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Health Insurance and Retirement: Frequently Asked Questions

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Retirement and Health Insurance: Understanding Medicare

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Retiring at Age 66 or Still Working

Proper planning for your health care coverage in retirement is just as important as proper investment planning. While most people are eligible for Medicare at age 65, the “full retirement age” for Social Security retirement benefits for people born between 1943 and 1954 is 66. Whether you plan to work just until you’ve reached your full retirement age or into your 70s, be sure you understand how Medicare works, when you can enroll and what your health plan options are.

 

I’m over 65 and plan to continue working for a few more years. When do I switch from my employer medical plan to Medicare?

ANSWER:

It depends. If you’re covered by a group health plan, Medicare may already be paying benefits under Part A. When you’re ready to retire and your group coverage will be ending, you’ll qualify for a Part B Special Enrollment Period and have an 8-month window to sign up for Part B medical insurance.

 

What do I need to know about Medicare enrollment since I just started COBRA coverage?

ANSWER:

If you’re 65 or over and have COBRA coverage on an employer’s policy, you must sign up for Part B during the first eight months you have COBRA to avoid the Part B late-enrollment penalty in the General Election Period (January 1 – March 31 of each year). You will not get a Special Enrollment Period when your COBRA coverage ends.

 

Do I need to have Part B before I can join a Medicare Supplement (Medigap) or Medicare Advantage plan?

ANSWER:

Yes. You need to have both Medicare Part A and Part B in order to enroll in either type of plan. On the flip side, if you are thinking of joining a Medicare Prescription Drug Plan (PDP), you only need to have Part A or Part B.

 

How do I choose between a Medicare Supplement and Medicare Advantage plan?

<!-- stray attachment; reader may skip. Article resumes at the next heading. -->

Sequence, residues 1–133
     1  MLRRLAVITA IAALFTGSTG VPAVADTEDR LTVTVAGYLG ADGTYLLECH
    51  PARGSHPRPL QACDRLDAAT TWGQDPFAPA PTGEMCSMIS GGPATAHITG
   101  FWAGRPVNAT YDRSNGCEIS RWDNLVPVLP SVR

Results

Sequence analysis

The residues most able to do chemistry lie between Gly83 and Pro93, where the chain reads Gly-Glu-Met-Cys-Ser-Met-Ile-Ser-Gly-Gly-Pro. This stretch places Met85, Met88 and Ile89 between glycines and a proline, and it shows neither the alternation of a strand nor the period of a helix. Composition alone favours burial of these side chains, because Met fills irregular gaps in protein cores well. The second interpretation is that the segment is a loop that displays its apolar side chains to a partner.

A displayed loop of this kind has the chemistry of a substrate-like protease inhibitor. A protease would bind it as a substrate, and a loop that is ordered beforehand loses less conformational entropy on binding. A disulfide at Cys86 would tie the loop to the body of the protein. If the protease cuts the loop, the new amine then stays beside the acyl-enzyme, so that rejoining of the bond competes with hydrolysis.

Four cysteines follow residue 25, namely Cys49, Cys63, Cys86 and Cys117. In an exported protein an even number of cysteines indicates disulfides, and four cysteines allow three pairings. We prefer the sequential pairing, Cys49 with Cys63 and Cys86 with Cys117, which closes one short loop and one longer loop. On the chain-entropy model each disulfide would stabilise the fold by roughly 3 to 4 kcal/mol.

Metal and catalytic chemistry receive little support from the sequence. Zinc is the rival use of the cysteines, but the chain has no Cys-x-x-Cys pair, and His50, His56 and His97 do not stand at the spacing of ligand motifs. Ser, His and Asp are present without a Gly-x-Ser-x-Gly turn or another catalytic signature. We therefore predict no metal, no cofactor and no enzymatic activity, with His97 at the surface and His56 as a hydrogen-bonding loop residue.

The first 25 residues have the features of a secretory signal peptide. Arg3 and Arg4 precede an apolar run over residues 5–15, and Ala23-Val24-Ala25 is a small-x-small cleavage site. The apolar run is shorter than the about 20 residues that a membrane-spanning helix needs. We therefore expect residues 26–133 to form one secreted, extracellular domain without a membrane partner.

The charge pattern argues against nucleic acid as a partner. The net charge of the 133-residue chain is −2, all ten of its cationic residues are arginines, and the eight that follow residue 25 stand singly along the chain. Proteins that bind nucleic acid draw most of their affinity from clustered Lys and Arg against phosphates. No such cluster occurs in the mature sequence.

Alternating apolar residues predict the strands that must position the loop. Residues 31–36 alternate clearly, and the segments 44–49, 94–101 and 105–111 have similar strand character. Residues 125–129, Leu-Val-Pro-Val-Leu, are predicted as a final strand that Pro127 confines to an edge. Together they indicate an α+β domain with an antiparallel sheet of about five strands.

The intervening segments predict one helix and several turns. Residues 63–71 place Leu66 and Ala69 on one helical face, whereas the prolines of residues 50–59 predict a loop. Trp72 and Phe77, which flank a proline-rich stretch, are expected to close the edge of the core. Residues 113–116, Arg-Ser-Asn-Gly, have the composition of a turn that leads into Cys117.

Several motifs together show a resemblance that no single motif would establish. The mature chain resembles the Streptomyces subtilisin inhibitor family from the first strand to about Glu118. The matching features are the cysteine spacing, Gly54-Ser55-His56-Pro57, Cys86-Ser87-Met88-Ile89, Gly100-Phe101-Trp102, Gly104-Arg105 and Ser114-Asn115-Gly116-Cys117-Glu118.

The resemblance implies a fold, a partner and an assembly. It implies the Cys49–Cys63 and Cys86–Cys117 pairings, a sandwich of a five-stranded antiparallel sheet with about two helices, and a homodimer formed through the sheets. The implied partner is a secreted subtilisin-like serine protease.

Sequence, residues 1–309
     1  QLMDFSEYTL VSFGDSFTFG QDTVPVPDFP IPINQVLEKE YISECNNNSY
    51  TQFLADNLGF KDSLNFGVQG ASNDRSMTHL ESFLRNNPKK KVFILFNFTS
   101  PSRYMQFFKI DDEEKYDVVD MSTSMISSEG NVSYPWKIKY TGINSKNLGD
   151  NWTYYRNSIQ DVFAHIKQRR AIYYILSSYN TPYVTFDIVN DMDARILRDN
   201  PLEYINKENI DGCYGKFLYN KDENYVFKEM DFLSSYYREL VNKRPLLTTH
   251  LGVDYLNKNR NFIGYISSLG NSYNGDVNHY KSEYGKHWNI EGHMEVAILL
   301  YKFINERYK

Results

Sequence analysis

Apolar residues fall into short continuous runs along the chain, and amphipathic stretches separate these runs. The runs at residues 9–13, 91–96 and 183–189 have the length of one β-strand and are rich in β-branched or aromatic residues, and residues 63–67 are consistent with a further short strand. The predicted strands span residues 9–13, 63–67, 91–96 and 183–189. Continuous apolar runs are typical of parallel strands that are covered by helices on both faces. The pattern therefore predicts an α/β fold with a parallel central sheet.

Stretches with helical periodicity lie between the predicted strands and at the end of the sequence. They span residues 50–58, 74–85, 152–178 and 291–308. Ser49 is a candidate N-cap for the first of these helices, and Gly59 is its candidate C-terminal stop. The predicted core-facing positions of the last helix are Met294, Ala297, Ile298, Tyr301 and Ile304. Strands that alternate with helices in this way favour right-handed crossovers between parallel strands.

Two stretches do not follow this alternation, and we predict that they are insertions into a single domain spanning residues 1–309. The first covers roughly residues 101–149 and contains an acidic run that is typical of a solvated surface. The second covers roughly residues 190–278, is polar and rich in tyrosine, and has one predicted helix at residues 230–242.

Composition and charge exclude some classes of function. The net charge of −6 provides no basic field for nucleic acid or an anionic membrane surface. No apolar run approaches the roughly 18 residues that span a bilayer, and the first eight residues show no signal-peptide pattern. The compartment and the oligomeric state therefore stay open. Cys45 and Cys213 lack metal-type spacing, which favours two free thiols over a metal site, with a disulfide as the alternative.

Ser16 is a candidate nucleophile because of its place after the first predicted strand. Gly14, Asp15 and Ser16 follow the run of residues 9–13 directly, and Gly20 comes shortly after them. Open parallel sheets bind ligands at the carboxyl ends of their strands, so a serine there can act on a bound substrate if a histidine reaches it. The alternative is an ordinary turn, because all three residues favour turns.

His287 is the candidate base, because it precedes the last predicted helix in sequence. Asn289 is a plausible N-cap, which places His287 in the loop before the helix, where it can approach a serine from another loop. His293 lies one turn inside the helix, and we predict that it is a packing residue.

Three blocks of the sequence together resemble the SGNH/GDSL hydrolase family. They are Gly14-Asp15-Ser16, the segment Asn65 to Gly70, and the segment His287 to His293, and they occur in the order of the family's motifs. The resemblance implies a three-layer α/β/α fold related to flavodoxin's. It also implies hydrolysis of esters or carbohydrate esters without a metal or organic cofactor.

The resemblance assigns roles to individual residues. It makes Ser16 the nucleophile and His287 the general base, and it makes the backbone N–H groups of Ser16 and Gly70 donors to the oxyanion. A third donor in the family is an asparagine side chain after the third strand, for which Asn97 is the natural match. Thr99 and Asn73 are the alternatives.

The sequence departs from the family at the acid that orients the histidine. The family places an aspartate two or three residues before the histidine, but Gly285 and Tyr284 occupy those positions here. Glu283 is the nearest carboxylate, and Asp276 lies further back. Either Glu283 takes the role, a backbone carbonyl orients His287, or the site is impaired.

ANSWER:

First you need to carefully examine all the benefits and details of both plan types, and select the type of plan that best meets your current financial and health care requirements. Both types of plans help fill in the gaps not covered by Original Medicare, but work differently. Medicare Advantage plans use provider networks and except for emergencies, you may be limited to the plan’s doctors and need referrals. With a Medigap plan, you can see any doctor and use any hospital that accepts Medicare. On the other hand, Medicare Advantage monthly plan premiums are typically much lower than Medigap premiums.

 

If I enroll in a Medicare Advantage HMO plan, can I join a different plan for drug coverage?

ANSWER:

It depends on the type of Medicare Advantage plan, and whether the plan offers prescription drug benefits. Private Fee-for-Service (PFFS) plans typically do not include prescription options, so you can join a stand-alone drug plan if you enroll in a PFFS plan. HMOs and PPOs typically do include prescription options, and require you to get your Medicare prescription drug benefits through the plan.

 

What happens if I join a Medicare Advantage plan but decide a few months later that it’s not right for me? Can I drop it and if so, what are my options?

ANSWER:

When you join a Medicare Advantage plan for the first time (such as when you first enroll in Medicare Part B), you have a lot more flexibility than you may later on. If after joining the plan you change your mind, you can drop it anytime within the first 12 months after enrolling and return to Original Medicare. At that time, you can add a Medicare Supplement (Medigap) policy and/or a stand-alone Medicare Prescription Drug Plan (PDP).

 

Are there limits to when I can switch Medicare health plans?

ANSWER:

Yes. In general, you can make one “election” during the Annual Election Period between October 15 and December 7 of each year, for coverage effective on January 1 of the following year. This includes enrolling in a prescription drug plan, a Medicare Advantage plan or a Medicare Advantage plan with prescription drug benefits for the first time — or switching from one plan to another. There is also an Annual Disenrollment Period (January 1 – February 14 of each year). During that time, if you’re in a Medicare Advantage plan, you can leave your plan and switch to Original Medicare. If you switch to Original Medicare during this period, you will have until February 14 to also join a Medicare Prescription Drug Plan to add drug coverage.

For more about Medicare Enrollment Periods, call 1-800-MEDICARE (1-800-633-4227). TTY users should call 1-877-486-2048. Or visit www.medicare.gov.